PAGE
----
« VorigeDoorgaan »
ary of God profaned by being made the scene of displaying the rivalship of beauty, dress, equipage, rank and affluence? The humbling services of the meek and lowly Jesus, are unnaturally forcedin to the ministers of pride and vain-glory. The tranquillity of the day of sacred rest, and its gentle, peaceful employments, give a birth, which they detest and disclaim, to the whisper of envy, and the noise of slander. The feast of love is disturbed, the sacrifice of peace is defiled by the impure claws of harpies; and "the house of prayer is turned into a den of thieves." "Surely, my beloved brethren, these things ought not so to be."
Happily for us, the influence of the gospel, and the laws of our country, and the spirit of the times, prevent the practice which threw Elkanah's family into such a flame; and which, wherever it has prevailed, has been productive of confusion, and every evil work. May a purer religion, and wiser institutions, and a more enlightened spirit, produce a more perfect morality, promote domestic happiness, and extend and secure national prosperity.
We now proceed farther to unfold, from the sacred history, the character and conduct of Hannah; earnestly praying, that with "all" the rest of " scripture," which "is given by inspiration of God," it may prove profitable for doctrine, and for reproof, and for correction, and for instruction in righteousness."
HISTORY OF HANNAH,
THE MOTHER OF SAMUEL.
So Hannah rose up after they had eaten in Shiloh, and after they had drunk. Now Eli the priest sat upon a seat by a post of the temple of the Lord. And she was in bitterness of soul, and prayed unto the Lord, and wept sore. And she vowed a vow, and said, O Lord of hosts, if thou wilt indeed look on the affliction of thine handmaid, and remember me, and not forget thine handmaid, but will give unto thine handmaid a man-child, then I will give him unto the Lord all the days of his life, and there shall no razor come upon his head. And it came to pass, as she continued praying before the Lord, that Eli marked her mouth. Now Hannah, she spake in her heart; only her lips moved, but her voice was not heard: therefore Eli thought she had been drunken. And Eli said unto her, How long wilt thou be drunken? put away thy wine from thee. And Hannah answered and said, No, my lord, I am a woman of a sorrowful spirit: I have drank neither wine nor strong drink, but have poured out my soul before the Lord. Count not thine handmaid for a daughter of Belial: for out of the abundance of my complaint and grief have I spoken hitherto. Then Eli answered and said, Go in peace: and the God of Israel grant thee thy petition that thou hast asked of him. And she said, Let thine handmaid find grace in thy sight. So the woman went her way, and did eat, and her countenance was no more sad.-1 SAMUEL i. 9-18.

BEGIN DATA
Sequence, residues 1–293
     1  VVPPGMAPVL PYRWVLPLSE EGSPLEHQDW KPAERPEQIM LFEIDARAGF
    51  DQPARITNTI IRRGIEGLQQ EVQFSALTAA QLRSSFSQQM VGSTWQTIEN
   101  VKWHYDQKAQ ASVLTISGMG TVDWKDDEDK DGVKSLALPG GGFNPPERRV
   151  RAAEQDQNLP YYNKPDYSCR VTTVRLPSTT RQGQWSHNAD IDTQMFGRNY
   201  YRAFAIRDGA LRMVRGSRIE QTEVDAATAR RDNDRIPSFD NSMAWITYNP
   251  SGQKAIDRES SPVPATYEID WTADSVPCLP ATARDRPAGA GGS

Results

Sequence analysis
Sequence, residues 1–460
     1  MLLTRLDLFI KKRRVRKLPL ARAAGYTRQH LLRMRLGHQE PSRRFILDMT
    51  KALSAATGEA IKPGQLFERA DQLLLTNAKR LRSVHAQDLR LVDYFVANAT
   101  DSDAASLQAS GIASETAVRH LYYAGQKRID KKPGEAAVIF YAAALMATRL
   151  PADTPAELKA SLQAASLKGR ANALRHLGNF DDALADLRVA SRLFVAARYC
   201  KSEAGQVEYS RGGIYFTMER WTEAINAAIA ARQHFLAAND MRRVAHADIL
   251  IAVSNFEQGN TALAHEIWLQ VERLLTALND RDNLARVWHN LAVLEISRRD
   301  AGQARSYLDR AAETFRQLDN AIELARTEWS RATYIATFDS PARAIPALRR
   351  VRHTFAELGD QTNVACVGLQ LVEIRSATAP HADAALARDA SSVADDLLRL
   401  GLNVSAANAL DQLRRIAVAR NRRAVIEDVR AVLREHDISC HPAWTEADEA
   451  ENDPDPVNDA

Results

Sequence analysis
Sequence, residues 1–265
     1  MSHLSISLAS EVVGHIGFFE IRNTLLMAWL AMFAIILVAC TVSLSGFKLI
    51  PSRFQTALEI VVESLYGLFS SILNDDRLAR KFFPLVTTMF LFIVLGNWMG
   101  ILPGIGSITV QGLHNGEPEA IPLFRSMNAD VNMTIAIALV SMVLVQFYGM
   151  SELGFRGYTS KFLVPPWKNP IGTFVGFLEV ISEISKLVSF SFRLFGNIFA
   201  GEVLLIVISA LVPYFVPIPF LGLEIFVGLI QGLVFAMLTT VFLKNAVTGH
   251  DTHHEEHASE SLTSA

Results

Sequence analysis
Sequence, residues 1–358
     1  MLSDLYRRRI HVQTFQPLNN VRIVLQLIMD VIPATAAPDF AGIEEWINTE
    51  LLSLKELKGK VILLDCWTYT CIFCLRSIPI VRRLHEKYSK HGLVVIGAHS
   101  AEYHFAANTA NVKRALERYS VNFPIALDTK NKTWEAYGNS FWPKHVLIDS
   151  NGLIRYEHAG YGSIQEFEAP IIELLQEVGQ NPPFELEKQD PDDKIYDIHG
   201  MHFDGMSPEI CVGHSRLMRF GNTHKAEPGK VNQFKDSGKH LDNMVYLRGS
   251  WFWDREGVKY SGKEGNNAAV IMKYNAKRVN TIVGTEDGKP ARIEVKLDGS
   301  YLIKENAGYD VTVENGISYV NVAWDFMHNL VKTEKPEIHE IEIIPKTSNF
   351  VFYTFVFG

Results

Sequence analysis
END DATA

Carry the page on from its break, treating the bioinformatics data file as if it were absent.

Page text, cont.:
THE support and theconsolations administered by religion, are adapted to the nature and necessities of man. The exercises which it prescribes arise out of the circumstances and events of human life; and the being and perfections of God present themselves to us according as we pass from one condition to another. There are comforts which no one but God could have bestowed: there is wretchedness which God only can relieve. Hence the soul rises directly to the Giver of all good in transports of gratitude, and cleaves to him when every other refuge fails. Hence, all that is known by the name of prayer, is at once the voice of nature, the result of reason, and a dictate of religion.
What is the confession of the penitent, but the trembling hope of a guilty creature toward the God of mercy, fleeing from the judgment of unrelenting, unforgiving man; from the persecution of an awakened, an accusing conscience, to a proclamation of peace and pardon from heaven? What is the resignation of the patient, but a devout acknowledgment of unerring wisdom, which does all things well, and afflicts in loving kindness? What is the cry of distress, but an appeal to omnipotence for that assistance which the powers of nature cannot bestow? What is adoration, but the faculties of an intelligent being lost in the contemplation of infinite perfection? Even the rash and impious appeals to Heaven, which are uttered by the thoughtless and profane, demonstrate, that piety and prayer are founded in the very constitution of our nature. Why does that blasphemer take the name of the Lord God in vain? why swears he by the great and terrible name of Jehovah? why is his imprecation sanctioned by that tremendous signature? why are the emotions of anger, of pain, of surprise, of joy, enforced by the names and attributes of Deity? The wretch who thus tramples on his law, insults his authority, defies his power, is in these very acts of horror paying an involuntary homage to the God of truth and justice, and obliquely confesses